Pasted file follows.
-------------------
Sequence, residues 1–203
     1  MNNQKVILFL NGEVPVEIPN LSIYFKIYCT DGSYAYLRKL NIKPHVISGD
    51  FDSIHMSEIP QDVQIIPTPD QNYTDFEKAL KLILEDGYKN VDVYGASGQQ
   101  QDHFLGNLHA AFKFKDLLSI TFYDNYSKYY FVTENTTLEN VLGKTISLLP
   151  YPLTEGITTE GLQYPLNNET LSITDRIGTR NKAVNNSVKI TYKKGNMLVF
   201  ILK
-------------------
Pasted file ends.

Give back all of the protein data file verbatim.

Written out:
Sequence, residues 1–203
     1  MNNQKVILFL NGEVPVEIPN LSIYFKIYCT DGSYAYLRKL NIKPHVISGD
    51  FDSIHMSEIP QDVQIIPTPD QNYTDFEKAL KLILEDGYKN VDVYGASGQQ
   101  QDHFLGNLHA AFKFKDLLSI TFYDNYSKYY FVTENTTLEN VLGKTISLLP
   151  YPLTEGITTE GLQYPLNNET LSITDRIGTR NKAVNNSVKI TYKKGNMLVF
   201  ILK